Bolin v. State ex rel. Dept. of Transp.Annotate this Case
Bolin v. State ex rel. Dept. of Transp.
1992 OK CIV APP 24
838 P.2d 29
63 OBJ 3245
Case Number: 76801
BRETT A. BOLIN, APPELLANT,
STATE OF OKLAHOMA EX REL. DEPARTMENT OF TRANSPORTATION, APPELLEE, and CASEY LEE WILSON, AN INDIVIDUAL, DEFENDANT.
Appeal from the District Court of Garfield County; Richard W. Pickens, Trial Judge.
¶0 County employee recovered workers' compensation for injuries sustained when the vehicle in which he was a passenger collided with a vehicle owned by the Oklahoma Department of Transportation. Employee then brought this third-party tort action against the State. The trial court sustained the State's motion to dismiss pursuant to section 155(14) of the Governmental Tort Claims Act.
J. David Ezzell, Tom L. Newby, Elliott, Enabnit, Newby
& Ezzell, Enid, David W. Edmonds, Mark A. Wolfe, Edmonds, Cole, Hargrave,
Givens & Witzke, Oklahoma City, for appellant.
Linda Bickerstaff, Janet E. Dech, Assts. Gen. Counsel, Oklahoma Dept. of Transp., Oklahoma City, for appellee.
BACON, Chief Judge.
¶1 This is an appeal by a county employee from the trial court's sustention of the State's motion to dismiss filed on behalf of the Department of Transportation. Upon review of the record and applicable law, we affirm.
¶2 Bolin, a Garfield County employee, was injured while at work when the vehicle in which he was a passenger collided with a vehicle driven by defendant Wilson and owned by the Oklahoma Department of Transportation. After receiving workers' compensation benefits from the county, Bolin sued the driver and the State for negligence under the Governmental Tort Claims Act. The State filed a motion to dismiss on the grounds that it was exempt from liability under 51 O.S.Supp. 1990 § 155 (14) of the Governmental Tort Claims Act. The trial court agreed and ordered the State dismissed from the case. Bolin timely filed this appeal.
¶3 From its inception until 1985, section 155(14) exempted the State from liability for "[a]ny claim covered by the Oklahoma Workers' Compensation Act." The Oklahoma Supreme Court in Jarvis v. City of Stillwater, 669 P.2d 1108 (Okla. 1983), held that this language merely exempted the State from tort liability when pressed by one of its own employees whose claim was covered by the Workers' Compensation Act. All other non-state employees were free to sue the State in tort even though their claims were covered by workers' compensation.
¶4 Following the court's decision in Jarvis, the legislature amended section 155(14) in 1984. The amended language exempted the State from liability for "[a]ny claim covered by any Workers' Compensation Act." 51 O.S.Supp. 1984 § 155 (14) (emphasis added). Despite the amended language, the court in Huff v. State, 764 P.2d 183 (Okla. 1988), reaffirmed the rule pronounced in Jarvis and declined to interpret the amended language as enlarging the class of employees barred from bringing suit against the State for injuries that were also covered by workers' compensation. In both cases, the court pointed out that the language of section 155(14) did not explicitly provide that the exemption covered any person whose injury was also covered by a workers' compensation law. Jarvis, 669 P.2d at 1109 n. 4; Huff, 764 P.2d at 186. The court declined to infer such an intent from a silent text.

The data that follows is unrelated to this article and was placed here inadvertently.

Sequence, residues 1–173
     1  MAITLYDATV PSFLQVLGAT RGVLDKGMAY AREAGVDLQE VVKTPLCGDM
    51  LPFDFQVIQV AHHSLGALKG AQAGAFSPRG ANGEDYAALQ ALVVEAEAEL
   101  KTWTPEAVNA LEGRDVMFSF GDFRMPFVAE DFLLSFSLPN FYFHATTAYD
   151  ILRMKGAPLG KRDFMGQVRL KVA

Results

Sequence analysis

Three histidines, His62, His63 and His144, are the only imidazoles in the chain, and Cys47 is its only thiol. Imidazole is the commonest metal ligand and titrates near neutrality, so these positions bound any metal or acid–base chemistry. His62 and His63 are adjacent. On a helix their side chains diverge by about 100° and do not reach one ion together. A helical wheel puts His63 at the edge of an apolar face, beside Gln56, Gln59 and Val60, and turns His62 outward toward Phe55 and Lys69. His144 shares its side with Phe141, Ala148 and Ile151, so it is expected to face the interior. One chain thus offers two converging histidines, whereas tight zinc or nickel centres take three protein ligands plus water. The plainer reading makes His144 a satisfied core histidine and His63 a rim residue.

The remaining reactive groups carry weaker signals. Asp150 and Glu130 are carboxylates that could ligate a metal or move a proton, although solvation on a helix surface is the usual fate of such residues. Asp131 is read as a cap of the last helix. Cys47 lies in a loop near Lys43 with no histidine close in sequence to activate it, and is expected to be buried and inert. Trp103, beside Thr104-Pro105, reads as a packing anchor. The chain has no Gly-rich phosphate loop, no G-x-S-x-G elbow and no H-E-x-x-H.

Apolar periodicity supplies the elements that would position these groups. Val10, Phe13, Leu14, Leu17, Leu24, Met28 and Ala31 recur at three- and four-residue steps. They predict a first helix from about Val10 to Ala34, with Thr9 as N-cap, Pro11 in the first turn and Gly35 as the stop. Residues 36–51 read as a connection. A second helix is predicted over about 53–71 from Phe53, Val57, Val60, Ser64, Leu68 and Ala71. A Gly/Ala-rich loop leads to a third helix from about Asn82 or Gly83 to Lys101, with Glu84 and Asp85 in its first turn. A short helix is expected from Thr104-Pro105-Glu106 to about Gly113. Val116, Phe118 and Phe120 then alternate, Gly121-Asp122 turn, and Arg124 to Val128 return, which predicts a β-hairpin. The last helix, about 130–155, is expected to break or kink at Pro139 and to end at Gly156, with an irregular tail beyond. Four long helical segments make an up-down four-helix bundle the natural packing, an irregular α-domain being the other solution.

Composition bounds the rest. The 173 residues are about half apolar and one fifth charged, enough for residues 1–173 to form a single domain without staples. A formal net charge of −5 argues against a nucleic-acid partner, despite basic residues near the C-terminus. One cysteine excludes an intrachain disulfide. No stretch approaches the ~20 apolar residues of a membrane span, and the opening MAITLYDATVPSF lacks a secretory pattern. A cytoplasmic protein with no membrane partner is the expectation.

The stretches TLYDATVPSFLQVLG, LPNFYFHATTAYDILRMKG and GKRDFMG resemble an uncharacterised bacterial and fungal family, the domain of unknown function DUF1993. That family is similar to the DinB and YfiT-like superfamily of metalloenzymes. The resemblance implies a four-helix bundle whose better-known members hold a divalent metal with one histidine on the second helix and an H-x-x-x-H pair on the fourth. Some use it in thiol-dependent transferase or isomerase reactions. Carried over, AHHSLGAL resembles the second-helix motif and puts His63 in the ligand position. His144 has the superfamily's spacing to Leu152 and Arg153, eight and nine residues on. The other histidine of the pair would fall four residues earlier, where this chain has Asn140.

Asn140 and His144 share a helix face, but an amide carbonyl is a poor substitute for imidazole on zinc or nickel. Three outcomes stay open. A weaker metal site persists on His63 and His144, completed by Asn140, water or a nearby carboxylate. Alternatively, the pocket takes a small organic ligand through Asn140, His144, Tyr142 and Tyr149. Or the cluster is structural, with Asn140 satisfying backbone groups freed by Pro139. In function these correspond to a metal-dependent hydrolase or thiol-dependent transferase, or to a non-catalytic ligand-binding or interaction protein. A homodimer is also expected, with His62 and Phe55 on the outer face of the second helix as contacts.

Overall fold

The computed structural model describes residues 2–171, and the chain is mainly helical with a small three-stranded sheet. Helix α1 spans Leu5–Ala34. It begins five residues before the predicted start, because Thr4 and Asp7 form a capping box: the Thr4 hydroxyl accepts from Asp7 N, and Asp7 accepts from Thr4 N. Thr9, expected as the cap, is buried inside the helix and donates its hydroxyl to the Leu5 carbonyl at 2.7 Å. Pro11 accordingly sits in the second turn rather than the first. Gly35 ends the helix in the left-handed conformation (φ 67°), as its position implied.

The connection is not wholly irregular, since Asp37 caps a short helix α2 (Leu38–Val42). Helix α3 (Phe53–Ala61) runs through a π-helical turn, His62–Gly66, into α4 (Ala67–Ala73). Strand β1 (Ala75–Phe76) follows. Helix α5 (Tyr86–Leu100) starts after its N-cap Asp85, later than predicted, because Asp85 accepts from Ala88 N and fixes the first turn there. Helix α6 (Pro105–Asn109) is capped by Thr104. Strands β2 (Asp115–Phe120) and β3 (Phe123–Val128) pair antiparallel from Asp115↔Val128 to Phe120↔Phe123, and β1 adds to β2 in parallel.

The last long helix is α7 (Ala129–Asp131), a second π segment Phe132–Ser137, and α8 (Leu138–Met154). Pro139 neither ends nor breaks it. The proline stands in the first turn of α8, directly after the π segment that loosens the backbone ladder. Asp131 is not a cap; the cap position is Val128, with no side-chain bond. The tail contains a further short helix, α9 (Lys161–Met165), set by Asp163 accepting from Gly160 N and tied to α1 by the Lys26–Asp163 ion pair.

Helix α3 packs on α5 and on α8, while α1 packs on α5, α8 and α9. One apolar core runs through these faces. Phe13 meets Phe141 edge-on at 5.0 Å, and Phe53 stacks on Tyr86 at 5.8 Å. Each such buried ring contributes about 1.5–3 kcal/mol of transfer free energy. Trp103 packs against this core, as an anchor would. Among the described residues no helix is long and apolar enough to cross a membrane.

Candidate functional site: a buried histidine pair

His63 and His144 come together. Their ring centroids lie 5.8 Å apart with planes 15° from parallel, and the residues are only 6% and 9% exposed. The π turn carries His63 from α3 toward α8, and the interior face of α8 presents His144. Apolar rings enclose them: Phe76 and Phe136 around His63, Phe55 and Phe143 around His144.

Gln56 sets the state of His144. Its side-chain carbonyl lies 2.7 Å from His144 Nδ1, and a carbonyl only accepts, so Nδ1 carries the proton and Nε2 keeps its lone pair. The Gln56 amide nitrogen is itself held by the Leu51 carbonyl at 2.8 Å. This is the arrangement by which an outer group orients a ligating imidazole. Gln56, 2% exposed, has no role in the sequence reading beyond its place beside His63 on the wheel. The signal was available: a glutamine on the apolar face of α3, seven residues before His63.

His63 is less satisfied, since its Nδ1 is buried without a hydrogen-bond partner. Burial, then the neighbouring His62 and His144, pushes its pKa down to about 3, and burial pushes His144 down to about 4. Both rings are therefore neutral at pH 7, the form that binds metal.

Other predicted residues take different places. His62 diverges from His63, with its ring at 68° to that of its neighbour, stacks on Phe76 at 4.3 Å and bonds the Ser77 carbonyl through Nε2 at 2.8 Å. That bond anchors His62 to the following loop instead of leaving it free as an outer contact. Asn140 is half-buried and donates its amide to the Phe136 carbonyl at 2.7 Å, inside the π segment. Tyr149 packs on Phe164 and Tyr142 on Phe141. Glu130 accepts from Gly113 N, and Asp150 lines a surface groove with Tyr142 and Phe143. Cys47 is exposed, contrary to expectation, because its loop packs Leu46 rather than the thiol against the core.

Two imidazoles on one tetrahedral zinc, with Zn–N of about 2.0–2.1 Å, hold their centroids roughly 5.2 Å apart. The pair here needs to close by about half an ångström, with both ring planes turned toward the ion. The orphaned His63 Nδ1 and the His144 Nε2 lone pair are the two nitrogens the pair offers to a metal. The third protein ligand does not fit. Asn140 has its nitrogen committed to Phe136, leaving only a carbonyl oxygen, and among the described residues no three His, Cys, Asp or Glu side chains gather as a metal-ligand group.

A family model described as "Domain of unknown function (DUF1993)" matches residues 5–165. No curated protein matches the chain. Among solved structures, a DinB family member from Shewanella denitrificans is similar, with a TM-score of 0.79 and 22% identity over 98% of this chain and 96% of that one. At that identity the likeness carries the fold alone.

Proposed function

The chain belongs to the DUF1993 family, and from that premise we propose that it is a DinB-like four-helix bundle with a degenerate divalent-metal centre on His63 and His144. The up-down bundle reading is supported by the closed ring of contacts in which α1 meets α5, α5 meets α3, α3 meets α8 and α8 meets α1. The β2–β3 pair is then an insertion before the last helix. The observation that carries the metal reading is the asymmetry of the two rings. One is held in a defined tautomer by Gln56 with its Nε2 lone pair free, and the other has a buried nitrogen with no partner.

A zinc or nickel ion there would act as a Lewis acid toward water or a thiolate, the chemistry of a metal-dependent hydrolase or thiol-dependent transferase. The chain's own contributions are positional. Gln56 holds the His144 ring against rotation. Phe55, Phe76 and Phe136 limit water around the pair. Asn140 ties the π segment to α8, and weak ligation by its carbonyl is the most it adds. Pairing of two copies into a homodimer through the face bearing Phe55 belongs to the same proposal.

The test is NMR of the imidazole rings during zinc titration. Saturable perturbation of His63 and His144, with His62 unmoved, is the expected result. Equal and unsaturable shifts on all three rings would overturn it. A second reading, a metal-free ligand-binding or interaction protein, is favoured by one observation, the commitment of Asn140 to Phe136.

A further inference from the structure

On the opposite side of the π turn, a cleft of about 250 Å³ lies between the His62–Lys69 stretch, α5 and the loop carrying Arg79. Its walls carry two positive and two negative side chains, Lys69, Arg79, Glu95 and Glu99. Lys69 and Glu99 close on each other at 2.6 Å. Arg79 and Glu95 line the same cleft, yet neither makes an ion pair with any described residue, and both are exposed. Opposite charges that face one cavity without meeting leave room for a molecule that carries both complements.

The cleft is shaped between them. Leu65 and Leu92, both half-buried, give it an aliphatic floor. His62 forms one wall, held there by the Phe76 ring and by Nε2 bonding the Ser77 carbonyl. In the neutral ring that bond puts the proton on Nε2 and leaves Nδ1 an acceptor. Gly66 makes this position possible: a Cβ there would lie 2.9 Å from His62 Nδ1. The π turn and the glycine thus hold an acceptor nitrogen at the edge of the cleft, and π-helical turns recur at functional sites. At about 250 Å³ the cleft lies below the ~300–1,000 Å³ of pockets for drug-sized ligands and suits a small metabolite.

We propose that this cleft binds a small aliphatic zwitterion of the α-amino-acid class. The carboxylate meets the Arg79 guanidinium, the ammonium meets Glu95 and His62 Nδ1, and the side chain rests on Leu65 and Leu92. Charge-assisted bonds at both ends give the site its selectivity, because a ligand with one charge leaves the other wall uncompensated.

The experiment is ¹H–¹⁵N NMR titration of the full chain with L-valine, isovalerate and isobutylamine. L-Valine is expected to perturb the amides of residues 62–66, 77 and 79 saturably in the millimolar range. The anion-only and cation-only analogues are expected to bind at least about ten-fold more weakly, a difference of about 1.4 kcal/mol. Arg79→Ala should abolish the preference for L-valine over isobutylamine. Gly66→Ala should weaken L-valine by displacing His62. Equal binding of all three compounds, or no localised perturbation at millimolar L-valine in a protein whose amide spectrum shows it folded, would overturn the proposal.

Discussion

¶5 In 1988, the legislature again amended section 155(14) to exempt the State from liability for "[a]ny loss to any person covered by any workers' compensation act." 51 O.S.Supp. 1988 § 155 (14) (emphasis added). The issue is whether the 1988 amendment to section 155(14) expands the class of plaintiffs who are barred from suing the State to include all people whose claims are covered by workers' compensation or remains a bar only to covered state employees.
¶6 Where the meaning of a statute has been the subject of judicial interpretation, the subsequent amendment of that statute reasonably indicates the legislative intention to change the law. Tom P. McDermott, Inc. v. Bennett, 395 P.2d 566 (Okla. 1964). We find that, by substituting the language, "[a]ny loss to any person" for "[a]ny claim," the legislature intended to expand the class of plaintiffs barred from suing the state to include any person, not just state employees, whose injury is covered by workers' compensation.
¶7 Appellant contends that, even if section 155(14) applies, it should not bar him from suing the State for those elements of damage not recoverable under workers' compensation such as pain, suffering and loss of consortium. This contention is without merit. First, Appellant cites no support for his position. Second, we will not read into a statute exceptions not made by the legislature. In re Mid America Peterbilt, 593 P.2d 499 (Okla. 1979).
¶8 Appellant's contention that section 155(14) violates the Equal Protection Clause of the Fourteenth Amendment is likewise without merit. Under the 1988 amendment, the exemption applies equally to all plaintiffs, no matter by whom they are employed. Nor is the doctrine of sovereign immunity violative of either the Due Process Clause or the Equal Protection Clause of the Fourteenth Amendment to the United States Constitution. Griggs v. State ex rel. Oklahoma Dept. of Transportation, 702 P.2d 1017 (Okla. 1985).
¶10 REIF and STUBBLEFIELD, JJ., concur.